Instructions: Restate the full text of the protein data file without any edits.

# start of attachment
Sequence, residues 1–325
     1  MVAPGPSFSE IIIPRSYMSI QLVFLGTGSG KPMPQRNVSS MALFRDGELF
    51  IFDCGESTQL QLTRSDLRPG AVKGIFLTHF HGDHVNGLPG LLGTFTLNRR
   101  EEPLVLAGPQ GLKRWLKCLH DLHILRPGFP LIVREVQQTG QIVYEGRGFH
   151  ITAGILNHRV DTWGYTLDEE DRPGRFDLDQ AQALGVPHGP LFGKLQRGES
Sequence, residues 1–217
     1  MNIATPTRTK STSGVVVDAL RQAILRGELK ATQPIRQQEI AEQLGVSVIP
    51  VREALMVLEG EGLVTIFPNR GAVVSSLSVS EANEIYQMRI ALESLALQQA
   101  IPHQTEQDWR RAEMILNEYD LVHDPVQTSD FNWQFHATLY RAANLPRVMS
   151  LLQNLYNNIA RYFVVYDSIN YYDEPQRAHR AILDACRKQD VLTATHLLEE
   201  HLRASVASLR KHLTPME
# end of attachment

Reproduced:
Sequence, residues 1–325
     1  MVAPGPSFSE IIIPRSYMSI QLVFLGTGSG KPMPQRNVSS MALFRDGELF
    51  IFDCGESTQL QLTRSDLRPG AVKGIFLTHF HGDHVNGLPG LLGTFTLNRR
   101  EEPLVLAGPQ GLKRWLKCLH DLHILRPGFP LIVREVQQTG QIVYEGRGFH
   151  ITAGILNHRV DTWGYTLDEE DRPGRFDLDQ AQALGVPHGP LFGKLQRGES
Sequence, residues 1–217
     1  MNIATPTRTK STSGVVVDAL RQAILRGELK ATQPIRQQEI AEQLGVSVIP
    51  VREALMVLEG EGLVTIFPNR GAVVSSLSVS EANEIYQMRI ALESLALQQA
   101  IPHQTEQDWR RAEMILNEYD LVHDPVQTSD FNWQFHATLY RAANLPRVMS
   151  LLQNLYNNIA RYFVVYDSIN YYDEPQRAHR AILDACRKQD VLTATHLLEE
   201  HLRASVASLR KHLTPME